Chemically modified proteins have been of great use in both the pharmaceutical industry and in academic research. Development of new reactions is necessary to further increase the diversity of protein-based biological agents available to researchers and physicians. In particular, high efficiency reactions that can site-specifically modify proteins are sought by the research community. In this thesis, a new reaction that oxidiatively couples o-aminophenols and anilines at very high rates was presented, as the MS2 viral capsid coat protein was fully modified site-specifically with a small molecule in under 30 s. The products of the reaction were characterized using small molecule model compounds and a reaction mechanism was posulated based on the available information.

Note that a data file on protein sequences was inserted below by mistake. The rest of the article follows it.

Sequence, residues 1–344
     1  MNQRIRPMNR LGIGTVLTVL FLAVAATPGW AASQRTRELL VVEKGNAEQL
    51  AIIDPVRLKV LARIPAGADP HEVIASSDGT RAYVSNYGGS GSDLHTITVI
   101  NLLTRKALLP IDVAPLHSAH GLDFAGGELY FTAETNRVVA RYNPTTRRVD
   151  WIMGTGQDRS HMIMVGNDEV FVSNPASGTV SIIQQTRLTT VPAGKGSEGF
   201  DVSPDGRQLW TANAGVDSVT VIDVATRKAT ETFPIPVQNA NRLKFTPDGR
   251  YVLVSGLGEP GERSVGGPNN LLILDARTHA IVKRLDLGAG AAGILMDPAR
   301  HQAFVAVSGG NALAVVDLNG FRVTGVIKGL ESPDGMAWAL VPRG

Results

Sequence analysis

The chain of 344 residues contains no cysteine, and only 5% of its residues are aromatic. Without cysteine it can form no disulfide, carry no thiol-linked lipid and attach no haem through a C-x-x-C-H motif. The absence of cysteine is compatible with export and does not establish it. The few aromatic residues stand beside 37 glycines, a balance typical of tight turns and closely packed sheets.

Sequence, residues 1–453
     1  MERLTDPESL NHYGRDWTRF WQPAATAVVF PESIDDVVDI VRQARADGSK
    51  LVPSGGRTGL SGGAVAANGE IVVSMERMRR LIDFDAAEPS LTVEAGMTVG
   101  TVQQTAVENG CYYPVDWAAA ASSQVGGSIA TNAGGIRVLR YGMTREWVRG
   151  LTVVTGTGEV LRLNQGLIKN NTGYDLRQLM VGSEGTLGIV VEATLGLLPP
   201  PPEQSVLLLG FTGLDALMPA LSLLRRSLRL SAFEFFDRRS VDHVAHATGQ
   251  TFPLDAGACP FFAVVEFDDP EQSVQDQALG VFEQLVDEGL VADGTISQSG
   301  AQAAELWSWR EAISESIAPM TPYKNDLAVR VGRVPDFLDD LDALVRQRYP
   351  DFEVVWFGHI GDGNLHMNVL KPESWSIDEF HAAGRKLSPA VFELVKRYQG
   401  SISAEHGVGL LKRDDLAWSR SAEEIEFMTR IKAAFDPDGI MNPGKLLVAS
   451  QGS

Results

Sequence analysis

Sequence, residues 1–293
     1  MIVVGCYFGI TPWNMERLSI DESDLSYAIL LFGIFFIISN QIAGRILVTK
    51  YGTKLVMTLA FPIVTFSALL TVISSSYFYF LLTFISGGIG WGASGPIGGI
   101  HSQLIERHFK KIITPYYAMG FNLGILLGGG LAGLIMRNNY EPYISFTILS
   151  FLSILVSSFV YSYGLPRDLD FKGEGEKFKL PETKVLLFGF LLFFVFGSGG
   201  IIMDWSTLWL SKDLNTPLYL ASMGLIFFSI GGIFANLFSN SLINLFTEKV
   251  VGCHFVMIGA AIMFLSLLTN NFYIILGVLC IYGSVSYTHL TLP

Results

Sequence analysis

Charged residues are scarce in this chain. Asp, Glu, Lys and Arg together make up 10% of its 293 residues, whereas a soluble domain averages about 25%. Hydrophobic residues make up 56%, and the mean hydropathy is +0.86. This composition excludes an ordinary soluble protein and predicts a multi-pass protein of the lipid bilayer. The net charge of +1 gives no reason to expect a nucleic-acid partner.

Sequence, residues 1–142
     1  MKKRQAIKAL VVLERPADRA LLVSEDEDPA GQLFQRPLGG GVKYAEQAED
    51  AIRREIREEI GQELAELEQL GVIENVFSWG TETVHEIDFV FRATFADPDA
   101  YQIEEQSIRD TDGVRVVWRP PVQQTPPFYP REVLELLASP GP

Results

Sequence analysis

Further, the reaction was used to synthesize of variety of protein-peptide or protein-polymer conjugates. Over 100 copies of 2k or 5k molecular weight poly(ethyleneglycol) (PEG) were attached to a 28 nm diameter MS2 virus-like particle in under 2 min using this new oxidative coupling reaction. In addition, several small peptides were also attached in the same way with similar results. The reaction was also utilized for modification of other proteins such as lysozyme to show its general applicability.
Finally, the reaction was applied to labeling proteins with radioactive Fluorine-18 for the purpose of positron emission tomography (PET). Fluorine-18 was incorporated into a small molecule prosthetic group to form [18F]-p-fluoroaniline ([18F]-FA). 18F-FA was successfully coupled to both lysozyme and MS2 virus-like particles containing aminophenol functionality. Again the reaction reached completion in under 2 min and gave excellent yields.
It is our hope that this reaction will be utilized by other protein chemists looking for a highly efficient way to assemble challenging protein bioconjugates.